Tips for Preventing Robocalls

 

One minute you’re being productive at work and the next your phone rings incessantly with an unknown number and your voicemail starts to pile up with cryptic messages asking for money or slick scripts about a fantastic offer you can’t miss. It’s annoying, but more so, it’s illegal.

 

The FTC says that “Your written or oral consent is required for ALL autodialed or prerecorded calls or texts made to your wireless number. Telemarketers have never been permitted to make robocalls to your wireless phone based solely on an “established business relationship” with you.” With life and business increasingly moving more towards mobile, robocalls are higher than ever. Here are a few tips to avoid scams and future calls:

 

Don’t Pick Up…

 

Or press anything. Sure, this is a no-brainer but it has to be said regardless. If you don’t recognize the number or have a strange feeling about it, let it go to voicemail. When you pick up and press the number, you’re engaging the system and it’ll be easier now for them to call you back.

 

Register Your Number with the Do Not Call List…

 

If it’s becoming a problem with calls every day, make sure you visit the DNC website to register your number. It takes less than five minutes.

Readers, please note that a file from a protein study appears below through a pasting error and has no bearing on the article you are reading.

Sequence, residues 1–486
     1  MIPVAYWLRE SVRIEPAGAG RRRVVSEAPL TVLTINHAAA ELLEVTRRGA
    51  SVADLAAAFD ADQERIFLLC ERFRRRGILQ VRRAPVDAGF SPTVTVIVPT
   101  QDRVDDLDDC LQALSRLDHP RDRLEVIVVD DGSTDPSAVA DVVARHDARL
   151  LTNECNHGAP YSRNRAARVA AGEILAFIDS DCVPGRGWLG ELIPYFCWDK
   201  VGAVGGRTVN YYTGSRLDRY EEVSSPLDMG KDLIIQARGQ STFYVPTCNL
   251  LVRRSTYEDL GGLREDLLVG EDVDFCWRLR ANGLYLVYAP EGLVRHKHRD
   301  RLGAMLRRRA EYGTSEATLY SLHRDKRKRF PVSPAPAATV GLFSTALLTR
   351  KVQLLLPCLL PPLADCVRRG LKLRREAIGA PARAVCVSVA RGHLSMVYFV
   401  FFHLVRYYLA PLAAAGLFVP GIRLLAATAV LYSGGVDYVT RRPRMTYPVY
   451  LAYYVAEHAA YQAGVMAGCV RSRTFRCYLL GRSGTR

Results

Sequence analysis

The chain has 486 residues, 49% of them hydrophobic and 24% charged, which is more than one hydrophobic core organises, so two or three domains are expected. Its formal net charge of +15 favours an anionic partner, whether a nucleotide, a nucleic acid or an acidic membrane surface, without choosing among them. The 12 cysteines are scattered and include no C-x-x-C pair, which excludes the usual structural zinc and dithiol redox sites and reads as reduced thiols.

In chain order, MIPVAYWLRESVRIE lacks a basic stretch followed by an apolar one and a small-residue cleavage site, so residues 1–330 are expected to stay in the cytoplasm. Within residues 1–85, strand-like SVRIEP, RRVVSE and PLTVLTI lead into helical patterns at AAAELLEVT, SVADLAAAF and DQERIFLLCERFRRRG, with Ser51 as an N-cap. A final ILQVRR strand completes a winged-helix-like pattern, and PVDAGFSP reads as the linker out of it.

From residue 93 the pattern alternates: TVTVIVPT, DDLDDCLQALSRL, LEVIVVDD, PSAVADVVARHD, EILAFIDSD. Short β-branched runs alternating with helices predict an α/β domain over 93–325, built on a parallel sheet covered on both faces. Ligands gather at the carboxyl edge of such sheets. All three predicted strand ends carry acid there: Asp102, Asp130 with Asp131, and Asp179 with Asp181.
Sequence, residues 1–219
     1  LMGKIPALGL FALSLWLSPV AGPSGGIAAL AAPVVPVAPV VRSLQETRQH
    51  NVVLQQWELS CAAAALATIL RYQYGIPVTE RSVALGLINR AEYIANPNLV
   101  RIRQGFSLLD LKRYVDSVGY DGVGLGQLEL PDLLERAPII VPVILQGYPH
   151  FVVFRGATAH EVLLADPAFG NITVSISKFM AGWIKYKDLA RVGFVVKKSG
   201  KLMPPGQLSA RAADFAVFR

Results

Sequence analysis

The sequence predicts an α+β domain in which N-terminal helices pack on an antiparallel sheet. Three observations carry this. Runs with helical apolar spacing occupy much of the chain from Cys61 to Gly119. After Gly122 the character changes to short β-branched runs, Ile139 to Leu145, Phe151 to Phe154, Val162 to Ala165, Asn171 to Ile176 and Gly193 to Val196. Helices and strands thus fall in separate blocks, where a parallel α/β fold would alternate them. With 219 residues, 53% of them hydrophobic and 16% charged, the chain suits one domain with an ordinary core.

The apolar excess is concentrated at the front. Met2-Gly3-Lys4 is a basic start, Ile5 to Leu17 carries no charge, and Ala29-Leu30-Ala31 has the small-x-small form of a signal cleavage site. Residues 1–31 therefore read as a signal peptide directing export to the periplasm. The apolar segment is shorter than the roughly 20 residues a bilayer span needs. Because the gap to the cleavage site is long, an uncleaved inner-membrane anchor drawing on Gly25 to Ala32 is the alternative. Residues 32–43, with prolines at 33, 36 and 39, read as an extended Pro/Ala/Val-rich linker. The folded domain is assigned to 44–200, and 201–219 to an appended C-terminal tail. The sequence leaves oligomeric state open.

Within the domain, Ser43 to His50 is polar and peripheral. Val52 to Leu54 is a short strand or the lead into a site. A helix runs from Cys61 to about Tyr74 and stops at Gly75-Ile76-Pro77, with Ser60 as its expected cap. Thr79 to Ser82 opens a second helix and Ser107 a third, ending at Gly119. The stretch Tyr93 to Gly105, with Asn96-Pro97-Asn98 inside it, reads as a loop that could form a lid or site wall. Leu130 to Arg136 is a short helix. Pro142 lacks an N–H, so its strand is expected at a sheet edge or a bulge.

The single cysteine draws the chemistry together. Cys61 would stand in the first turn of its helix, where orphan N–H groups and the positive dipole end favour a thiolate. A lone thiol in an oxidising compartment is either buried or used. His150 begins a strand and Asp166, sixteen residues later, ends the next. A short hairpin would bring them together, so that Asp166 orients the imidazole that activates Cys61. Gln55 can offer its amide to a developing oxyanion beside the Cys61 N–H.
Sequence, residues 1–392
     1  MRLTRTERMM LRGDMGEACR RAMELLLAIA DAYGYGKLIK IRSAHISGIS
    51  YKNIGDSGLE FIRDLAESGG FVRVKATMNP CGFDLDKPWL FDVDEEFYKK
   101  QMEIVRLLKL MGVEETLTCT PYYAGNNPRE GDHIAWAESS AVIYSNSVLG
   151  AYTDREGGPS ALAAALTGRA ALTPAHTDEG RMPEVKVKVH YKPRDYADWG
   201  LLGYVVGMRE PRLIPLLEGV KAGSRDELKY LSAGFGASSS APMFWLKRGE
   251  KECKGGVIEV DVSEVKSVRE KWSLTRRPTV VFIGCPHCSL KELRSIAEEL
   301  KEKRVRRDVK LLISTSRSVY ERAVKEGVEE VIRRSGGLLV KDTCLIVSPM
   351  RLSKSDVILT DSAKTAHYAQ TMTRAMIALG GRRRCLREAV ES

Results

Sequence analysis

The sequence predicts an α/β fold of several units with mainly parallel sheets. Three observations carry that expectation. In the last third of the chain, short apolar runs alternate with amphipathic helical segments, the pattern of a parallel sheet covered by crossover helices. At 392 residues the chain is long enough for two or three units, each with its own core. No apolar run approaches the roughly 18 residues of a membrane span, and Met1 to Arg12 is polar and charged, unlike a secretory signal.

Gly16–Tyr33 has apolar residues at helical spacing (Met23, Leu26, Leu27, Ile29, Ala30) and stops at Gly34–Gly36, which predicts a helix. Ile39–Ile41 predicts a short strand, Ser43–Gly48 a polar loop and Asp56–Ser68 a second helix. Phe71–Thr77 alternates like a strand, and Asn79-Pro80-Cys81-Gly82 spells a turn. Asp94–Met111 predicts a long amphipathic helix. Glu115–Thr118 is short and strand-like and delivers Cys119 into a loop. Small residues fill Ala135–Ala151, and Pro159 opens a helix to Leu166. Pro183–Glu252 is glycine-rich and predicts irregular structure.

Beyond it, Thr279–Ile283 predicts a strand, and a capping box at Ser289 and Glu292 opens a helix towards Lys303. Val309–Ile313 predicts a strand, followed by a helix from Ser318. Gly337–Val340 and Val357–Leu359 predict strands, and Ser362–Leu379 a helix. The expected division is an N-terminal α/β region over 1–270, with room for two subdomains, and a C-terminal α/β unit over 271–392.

Report the call to the FTC and FCC…


If the calls from a specific number or numbers keep coming, simply file a complaint.

 

Download a Robocall Blocking App…

 

There are several apps available for free or for a small fee that have been effective in lessening or eliminating the call frequency. You can do your own research or see the options for what the FTC or CNBC recommends.

 

For Phone.com Customers…

 

If you’re using the Phone.com app available on Android or iOS, here is some more information and tips from our customer service team:

 

  • Block the number

 

  • Use a Menu with an option to disconnect to filter unwanted calls; for example, if you set up a call menu that says, “To reach Jeff, Dial 1”, a robot will, thankfully, not be able to press 1.

 

  • The iOS app currently uses Whitepages.com API to check if the calling number is potential spam and make the call receiver aware.